Audible Pauses: Lessons from a Sunday Afternoon Press Conference
I had a to write a blog post about the firing of the University of Nebraska’s football coach Bo Pelini.
But the topic may surprise you. This blog has one message – in this world of 140 character posts where grammar and punctuation often are ignored or overlooked, good verbal communication skills still matter.
Mere minutes after the press conference of Athletic Director Shawn Eichorst ended on Sunday afternoon, three of my friends, independently of one another, offered the same observation – the AD’s announcement of Coach Pelini’s termination suffered from too many audible pauses. These are the seemingly insignificant “ums” and “ahs” many of us utter when we are between thoughts during an oral presentation.
Instead of stopping ourselves from making a sound, we fill the silent space with an “um” or an “ah.” Falling into the same category as audible pauses are what I call throwaway words or expressions such as “kind of” and “frankly.” Most of us – if we really pay attention to our use of language – can find these in our conversational habits. Yes, I too am guilty as charged!
Why are these little utterances or throwaway words so significant? Because they steal the power from your message. Instead of listening to your words, your audience is distracted by an annoying pattern.
I recall in my college organic chemistry class, my lab partner would count how many times our professor would say “um” or “ah” during the period. The tally was usually in the hundreds. This is an extreme example, but it demonstrates how these can distract your audience from your message.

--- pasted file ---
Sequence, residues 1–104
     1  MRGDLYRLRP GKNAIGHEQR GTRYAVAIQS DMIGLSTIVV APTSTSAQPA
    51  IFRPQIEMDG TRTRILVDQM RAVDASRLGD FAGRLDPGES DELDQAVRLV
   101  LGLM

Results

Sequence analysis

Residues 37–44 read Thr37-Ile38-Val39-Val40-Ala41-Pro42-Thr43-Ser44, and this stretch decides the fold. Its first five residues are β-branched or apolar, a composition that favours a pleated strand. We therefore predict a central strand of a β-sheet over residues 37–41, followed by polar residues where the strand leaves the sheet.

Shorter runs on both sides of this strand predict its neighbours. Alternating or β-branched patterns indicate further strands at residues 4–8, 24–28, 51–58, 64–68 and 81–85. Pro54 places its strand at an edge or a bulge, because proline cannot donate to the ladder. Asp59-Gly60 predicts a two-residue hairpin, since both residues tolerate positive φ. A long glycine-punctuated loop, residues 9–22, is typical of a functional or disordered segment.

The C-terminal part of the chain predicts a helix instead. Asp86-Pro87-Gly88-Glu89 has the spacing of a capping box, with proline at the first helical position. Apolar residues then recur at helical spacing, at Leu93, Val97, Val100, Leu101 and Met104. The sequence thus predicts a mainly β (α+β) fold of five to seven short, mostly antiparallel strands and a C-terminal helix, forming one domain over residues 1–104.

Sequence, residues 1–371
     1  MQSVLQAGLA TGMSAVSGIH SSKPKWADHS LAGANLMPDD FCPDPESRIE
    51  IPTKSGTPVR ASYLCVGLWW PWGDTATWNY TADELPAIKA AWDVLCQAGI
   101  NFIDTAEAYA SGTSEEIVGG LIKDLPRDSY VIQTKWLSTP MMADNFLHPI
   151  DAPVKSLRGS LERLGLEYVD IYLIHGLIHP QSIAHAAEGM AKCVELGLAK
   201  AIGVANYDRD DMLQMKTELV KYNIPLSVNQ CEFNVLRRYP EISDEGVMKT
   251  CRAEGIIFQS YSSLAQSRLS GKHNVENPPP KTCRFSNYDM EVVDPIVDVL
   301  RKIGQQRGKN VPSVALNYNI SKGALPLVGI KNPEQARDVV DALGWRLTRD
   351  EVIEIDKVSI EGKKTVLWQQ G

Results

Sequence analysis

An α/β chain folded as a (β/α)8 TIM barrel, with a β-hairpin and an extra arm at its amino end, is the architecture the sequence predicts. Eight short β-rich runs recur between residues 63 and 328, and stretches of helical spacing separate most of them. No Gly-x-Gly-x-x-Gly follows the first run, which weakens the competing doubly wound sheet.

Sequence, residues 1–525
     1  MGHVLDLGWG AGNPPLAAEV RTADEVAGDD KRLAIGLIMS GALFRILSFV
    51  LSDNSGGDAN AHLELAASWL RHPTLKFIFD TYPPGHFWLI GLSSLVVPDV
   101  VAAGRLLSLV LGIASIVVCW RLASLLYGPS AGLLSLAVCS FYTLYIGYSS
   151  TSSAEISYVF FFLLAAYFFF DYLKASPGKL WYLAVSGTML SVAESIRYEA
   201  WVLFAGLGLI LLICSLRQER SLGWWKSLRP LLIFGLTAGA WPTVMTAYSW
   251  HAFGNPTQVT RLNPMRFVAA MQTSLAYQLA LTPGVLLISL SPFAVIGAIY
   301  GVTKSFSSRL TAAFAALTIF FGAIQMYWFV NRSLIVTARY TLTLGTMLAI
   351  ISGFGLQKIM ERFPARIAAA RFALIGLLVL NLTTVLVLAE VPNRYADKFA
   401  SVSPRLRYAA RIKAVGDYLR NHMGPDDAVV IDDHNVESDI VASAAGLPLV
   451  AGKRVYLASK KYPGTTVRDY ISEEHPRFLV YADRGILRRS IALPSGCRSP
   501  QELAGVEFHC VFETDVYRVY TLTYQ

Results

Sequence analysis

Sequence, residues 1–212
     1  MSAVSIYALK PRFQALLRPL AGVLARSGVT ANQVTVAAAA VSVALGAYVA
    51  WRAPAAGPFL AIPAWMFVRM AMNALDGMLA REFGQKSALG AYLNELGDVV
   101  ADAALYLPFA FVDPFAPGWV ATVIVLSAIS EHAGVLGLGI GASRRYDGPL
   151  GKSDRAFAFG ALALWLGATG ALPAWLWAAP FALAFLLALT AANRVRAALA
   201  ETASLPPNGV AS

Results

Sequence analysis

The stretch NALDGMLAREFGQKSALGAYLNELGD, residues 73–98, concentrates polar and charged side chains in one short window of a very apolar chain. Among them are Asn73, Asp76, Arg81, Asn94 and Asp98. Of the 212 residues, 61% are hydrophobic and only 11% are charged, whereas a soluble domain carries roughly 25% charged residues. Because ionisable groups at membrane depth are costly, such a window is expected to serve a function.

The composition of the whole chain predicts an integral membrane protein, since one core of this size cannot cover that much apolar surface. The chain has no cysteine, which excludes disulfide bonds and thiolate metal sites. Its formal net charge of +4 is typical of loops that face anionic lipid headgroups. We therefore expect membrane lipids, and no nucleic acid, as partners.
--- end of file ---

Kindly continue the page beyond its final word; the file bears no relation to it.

In all fairness to Mr. Eichorst, I listened to the press conference in its entirety and I give him credit for having and delivering a consistent message. I thought he handled questions well, and it was obvious that he was prepared for the types of questions the journalists threw at him. He earns an A+ for having distinct messages, delivering them consistently and successfully deflecting those questions he didn’t want to address.
But clearly his delivery was a distraction. It could simply be that Mr. Eichorst – who the media have dubbed the “Invisible Man” or “Silent Shawn” – doesn’t necessarily have a lot of practice making public presentations. Or it could be that he isn’t even aware of this habit.
But there is certainly hope for Mr. Eichorst and the rest of us who suffer from similar verbal patterns. We can rid our language of audible pauses and throwaway words with two simple steps: 1) recognition and 2) practice.
First we must recognize the habits that are weakening our delivery. Toastmasters is an excellent, safe forum to identify speech patterns that are stealing the power from your words.
Once you become aware of these patterns, as you practice your presentations, you will begin to catch yourself and edit these detractors from your diction. It doesn’t happen overnight; it is something you must work at over time. But the effort is worth it because you want your audience hanging on your every word, not making hash marks to tally up every time you say “um” or “ah.”